Toyota has become the first car maker to have a class action lawsuit filed against it for its handling of the Takata airbag recall in Australia, though cases against Honda, Mazda, BMW, Subaru, Audi and Volkswagen are "expected to be filed in the coming weeks".
The raft of class action lawsuits, filed by Quinn Emanuel Urquhart &
Sullivan in the Supreme Court of NSW, comes after the federal government
proposed loan cars, complimentary tows and refunds for affected drivers under a draft mandatory recall program.
The Takata recall has spiralled into the largest product safety crisis in
recent history, affecting 2.49 million cars just in Australia, and sending a 21-year-old Darwin woman to
hospital for months and killing a 58-year-old NSW man.
The volatile chemical used to inflate the airbags combusts with such force
that its metal case shatters into shards that shoot towards the very
occupants the airbags were designed to protect.
But drivers have been left with little recourse since the recall widened to
include more than two million cars in 2015. An earlier CHOICE investigation
found customers had to typically wait six months for a replacement and were
often given identical, faulty airbags as a short-term fix.
Partner Damian Scattini at the firm Quinn Emanuel says the class action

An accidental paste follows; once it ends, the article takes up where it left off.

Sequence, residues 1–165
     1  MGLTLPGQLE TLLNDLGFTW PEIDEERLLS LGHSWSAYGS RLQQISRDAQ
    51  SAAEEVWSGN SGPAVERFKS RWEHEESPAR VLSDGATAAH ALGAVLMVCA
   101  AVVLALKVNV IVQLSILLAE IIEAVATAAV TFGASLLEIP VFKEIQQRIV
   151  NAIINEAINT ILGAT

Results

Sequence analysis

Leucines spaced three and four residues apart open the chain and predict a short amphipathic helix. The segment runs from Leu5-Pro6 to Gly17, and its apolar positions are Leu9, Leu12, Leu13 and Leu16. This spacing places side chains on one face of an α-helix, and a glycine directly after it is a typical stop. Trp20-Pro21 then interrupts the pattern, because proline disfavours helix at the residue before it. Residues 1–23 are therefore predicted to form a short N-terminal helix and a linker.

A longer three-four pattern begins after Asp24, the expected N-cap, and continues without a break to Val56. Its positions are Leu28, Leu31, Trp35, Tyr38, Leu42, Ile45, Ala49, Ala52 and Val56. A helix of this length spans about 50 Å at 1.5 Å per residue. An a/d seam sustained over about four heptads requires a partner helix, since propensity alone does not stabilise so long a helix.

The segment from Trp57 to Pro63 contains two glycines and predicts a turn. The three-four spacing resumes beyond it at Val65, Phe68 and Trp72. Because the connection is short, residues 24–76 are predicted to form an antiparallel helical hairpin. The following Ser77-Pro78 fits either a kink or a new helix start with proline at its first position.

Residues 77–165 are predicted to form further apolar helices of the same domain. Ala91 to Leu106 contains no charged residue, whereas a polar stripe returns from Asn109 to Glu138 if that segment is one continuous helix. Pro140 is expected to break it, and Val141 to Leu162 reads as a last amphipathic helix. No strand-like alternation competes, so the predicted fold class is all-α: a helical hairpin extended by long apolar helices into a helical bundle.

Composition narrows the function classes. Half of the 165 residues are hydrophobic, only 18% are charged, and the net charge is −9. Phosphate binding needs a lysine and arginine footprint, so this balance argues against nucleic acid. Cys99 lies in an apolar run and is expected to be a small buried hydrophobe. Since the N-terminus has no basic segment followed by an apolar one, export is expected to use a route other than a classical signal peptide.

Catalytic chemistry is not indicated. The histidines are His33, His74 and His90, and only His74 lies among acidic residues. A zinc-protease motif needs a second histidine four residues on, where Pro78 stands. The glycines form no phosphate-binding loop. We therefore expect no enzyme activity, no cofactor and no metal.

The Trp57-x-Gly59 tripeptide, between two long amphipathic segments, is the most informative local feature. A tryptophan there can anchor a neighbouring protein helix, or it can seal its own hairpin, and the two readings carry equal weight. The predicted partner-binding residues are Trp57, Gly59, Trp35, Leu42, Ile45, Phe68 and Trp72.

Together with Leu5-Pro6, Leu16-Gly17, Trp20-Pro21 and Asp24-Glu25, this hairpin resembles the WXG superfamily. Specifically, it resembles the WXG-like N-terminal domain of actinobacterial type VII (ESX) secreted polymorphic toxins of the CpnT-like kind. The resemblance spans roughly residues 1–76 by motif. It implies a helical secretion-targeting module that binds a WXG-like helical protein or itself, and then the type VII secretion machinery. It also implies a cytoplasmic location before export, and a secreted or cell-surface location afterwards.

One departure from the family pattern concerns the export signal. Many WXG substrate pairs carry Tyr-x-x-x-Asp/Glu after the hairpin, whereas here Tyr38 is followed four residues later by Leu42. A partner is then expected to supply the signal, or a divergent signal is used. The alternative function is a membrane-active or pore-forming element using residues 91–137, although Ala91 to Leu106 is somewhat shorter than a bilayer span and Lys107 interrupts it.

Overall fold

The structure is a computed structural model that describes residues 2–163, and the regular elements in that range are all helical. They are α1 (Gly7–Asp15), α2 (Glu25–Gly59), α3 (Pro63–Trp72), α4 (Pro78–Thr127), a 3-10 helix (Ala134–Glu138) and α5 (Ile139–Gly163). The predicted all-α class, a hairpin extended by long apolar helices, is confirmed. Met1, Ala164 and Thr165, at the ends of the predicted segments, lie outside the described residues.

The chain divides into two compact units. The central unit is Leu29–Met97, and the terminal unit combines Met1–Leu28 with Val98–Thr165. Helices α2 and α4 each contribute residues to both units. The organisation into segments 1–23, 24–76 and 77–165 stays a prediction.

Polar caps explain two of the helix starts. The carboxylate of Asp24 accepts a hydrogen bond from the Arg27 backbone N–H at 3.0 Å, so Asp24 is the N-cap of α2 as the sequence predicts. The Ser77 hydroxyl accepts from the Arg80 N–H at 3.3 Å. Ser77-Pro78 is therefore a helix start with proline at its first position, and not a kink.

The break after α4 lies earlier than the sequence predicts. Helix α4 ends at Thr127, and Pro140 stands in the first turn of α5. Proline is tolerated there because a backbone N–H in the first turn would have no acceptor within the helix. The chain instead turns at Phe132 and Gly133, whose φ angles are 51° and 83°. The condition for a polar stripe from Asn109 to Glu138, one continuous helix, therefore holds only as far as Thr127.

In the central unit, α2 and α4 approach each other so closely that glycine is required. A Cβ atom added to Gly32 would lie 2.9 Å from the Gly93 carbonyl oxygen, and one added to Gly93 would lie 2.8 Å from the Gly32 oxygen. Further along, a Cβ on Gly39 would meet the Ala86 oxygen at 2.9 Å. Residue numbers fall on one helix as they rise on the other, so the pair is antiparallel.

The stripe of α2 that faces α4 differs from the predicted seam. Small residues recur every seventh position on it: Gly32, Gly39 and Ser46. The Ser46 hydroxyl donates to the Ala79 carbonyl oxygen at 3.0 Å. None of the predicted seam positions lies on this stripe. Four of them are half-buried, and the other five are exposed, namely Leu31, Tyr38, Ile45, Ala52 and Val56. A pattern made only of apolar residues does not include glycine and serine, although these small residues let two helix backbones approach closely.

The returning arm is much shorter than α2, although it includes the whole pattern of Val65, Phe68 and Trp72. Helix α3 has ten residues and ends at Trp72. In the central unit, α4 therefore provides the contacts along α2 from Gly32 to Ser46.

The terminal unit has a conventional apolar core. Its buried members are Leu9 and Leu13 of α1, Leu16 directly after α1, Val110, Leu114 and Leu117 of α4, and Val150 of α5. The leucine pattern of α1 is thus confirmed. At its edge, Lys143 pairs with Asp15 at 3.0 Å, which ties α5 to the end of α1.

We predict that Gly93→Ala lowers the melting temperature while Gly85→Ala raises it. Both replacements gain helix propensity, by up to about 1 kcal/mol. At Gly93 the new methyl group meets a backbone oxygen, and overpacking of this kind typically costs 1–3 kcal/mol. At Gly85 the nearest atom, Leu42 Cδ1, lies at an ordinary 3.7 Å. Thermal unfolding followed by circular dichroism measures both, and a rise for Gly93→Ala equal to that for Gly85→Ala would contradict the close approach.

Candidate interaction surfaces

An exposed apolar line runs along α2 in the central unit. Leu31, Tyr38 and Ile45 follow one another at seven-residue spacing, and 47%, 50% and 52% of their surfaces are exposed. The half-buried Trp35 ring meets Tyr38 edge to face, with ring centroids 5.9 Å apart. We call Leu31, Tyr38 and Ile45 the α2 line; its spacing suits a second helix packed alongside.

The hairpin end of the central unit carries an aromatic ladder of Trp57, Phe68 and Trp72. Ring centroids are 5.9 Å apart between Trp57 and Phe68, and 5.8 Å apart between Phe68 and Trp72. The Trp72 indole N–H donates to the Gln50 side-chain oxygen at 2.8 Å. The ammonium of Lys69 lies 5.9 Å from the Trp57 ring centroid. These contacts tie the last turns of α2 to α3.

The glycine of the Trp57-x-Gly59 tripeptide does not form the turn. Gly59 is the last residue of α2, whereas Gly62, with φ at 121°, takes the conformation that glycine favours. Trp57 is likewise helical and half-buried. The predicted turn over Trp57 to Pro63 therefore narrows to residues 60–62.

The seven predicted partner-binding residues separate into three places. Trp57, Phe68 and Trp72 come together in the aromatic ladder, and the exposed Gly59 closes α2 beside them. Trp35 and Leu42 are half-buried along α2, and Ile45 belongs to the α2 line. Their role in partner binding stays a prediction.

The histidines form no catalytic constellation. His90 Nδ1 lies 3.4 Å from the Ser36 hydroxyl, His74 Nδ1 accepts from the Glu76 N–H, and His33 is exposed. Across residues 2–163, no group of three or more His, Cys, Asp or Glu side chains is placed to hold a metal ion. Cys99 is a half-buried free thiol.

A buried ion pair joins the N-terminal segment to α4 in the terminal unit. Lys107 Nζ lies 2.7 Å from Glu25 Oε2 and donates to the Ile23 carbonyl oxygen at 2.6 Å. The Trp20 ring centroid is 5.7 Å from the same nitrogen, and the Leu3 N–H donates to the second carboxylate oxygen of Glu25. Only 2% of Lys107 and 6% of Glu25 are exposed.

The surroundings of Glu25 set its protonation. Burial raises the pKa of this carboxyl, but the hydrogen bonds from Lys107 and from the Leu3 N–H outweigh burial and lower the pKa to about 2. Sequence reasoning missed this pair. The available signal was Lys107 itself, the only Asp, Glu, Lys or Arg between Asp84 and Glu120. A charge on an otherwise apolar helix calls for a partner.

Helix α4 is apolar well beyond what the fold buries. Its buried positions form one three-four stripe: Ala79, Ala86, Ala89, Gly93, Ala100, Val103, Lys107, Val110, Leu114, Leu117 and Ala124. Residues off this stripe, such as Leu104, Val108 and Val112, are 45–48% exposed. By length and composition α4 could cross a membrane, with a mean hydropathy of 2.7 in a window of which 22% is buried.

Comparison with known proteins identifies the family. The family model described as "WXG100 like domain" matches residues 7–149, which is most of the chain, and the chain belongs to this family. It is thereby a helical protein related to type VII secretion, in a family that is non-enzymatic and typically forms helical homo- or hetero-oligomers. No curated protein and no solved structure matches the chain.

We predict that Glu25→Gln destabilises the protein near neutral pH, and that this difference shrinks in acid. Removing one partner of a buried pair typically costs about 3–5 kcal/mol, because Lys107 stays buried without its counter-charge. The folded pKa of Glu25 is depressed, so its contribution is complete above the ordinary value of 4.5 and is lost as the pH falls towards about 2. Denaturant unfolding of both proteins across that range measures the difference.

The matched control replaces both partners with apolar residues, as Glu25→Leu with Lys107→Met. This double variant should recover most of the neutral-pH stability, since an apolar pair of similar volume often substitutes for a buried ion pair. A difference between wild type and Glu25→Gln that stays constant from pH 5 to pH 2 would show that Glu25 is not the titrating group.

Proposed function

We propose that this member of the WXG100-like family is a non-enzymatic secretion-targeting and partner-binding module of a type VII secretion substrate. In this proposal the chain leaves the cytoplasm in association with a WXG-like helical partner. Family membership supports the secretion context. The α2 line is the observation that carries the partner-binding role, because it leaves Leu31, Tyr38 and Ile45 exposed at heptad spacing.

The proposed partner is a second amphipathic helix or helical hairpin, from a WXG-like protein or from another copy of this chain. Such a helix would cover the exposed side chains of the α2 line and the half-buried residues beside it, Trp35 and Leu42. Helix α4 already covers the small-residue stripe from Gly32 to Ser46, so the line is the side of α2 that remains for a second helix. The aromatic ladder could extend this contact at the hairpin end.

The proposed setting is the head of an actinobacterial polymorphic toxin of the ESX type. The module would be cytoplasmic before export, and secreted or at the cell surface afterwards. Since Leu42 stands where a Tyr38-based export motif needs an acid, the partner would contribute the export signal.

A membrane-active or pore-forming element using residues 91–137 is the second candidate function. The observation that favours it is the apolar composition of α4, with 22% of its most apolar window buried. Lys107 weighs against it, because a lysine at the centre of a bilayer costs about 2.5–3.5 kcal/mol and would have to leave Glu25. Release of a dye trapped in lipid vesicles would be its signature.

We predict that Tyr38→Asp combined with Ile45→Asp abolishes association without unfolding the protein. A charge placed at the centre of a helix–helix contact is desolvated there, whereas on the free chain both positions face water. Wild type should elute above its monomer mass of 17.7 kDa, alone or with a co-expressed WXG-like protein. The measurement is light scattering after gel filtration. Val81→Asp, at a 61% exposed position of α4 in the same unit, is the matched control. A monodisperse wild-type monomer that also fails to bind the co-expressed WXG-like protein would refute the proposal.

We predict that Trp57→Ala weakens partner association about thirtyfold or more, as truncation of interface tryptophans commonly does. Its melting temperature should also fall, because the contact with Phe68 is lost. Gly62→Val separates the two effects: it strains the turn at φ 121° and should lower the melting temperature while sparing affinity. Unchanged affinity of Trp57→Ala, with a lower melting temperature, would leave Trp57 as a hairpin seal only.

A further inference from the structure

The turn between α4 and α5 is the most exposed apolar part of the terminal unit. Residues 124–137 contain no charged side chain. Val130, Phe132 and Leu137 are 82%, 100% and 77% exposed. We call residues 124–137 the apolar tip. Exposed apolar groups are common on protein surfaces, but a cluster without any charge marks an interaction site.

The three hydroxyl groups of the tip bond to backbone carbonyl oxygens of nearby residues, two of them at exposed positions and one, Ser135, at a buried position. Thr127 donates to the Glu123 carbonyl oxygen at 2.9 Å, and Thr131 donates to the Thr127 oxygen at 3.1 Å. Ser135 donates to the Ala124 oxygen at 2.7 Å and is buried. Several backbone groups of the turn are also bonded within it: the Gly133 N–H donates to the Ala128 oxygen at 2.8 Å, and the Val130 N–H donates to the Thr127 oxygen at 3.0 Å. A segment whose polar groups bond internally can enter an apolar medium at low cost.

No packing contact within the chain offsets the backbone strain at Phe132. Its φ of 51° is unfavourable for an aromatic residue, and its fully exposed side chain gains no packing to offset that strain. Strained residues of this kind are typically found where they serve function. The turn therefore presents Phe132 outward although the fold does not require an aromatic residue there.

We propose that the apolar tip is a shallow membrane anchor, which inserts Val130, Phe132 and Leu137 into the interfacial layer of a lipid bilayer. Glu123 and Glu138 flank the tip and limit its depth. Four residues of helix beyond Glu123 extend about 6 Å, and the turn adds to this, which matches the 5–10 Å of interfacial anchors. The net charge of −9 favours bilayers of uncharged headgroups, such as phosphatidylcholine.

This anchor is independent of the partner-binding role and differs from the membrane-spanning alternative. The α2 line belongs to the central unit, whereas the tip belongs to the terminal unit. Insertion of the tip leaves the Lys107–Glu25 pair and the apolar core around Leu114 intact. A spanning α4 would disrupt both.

lawsuit will empower the half-a-million Toyota drivers affected by the
"Under the Australian Consumer Law, goods need to be safe," he says. "This
class action will allow Australians whose vehicles are fitted with the
potentially deadly Takata airbag to seek either a safe replacement airbag
Hundreds of Toyota drivers have registered to take part in the class
action, though Quinn Emanuel continues to take registrations, including for its upcoming class actions against Honda, Mazda, BMW, Subaru, Audi and
Leading the class action is plaintiff Louise Haselhurst, a single mother of
two who was told she'd have to wait six months for a replacement airbag
for her Toyota Corolla, a car she bought brand new in 2011.
"Toyota has put my family's life at risk," says Haselhurst. "Something
needs to be done urgently by car manufacturers before more lives are
Toyota did not disclose how many of its cars are affected in Australia, though in April of 2017, it told CHOICE it had
repaired 31% of the 529,452 affected vehicles.
Car makers that did not recall cars fitted with Takata airbags are also
being slapped with a class action lawsuit. Volkswagen and Audi are two of eight car makers that have not initiated recalls, even though the type of
airbags in their cars have a documented history of rupturing.
Takata airbags have been linked to 19 deaths worldwide and have injured 207
people just in the United States. The injuries include the loss of
eyesight, facial injuries, lacerations to the face, neck and body, severed
vocal cords, spinal damage and head injuries including brain damage.
The ACCC launched a probe into
the recall within 24 hours of CHOICE revealing the industry had
repaired less than a third of the cars affected since it was originally
initiated in 2009. The ACCC recommended to the federal government that a
mandatory recall be instituted, with a determination to be made in the coming months.
28 November: A second car maker has since had a class action filed against it. Quinn Emanuel filed a second class action against Subaru for its handling of the Takata airbag recall on 22 November.
12 January: Class action lawsuits have been filed against BMW and Nissan.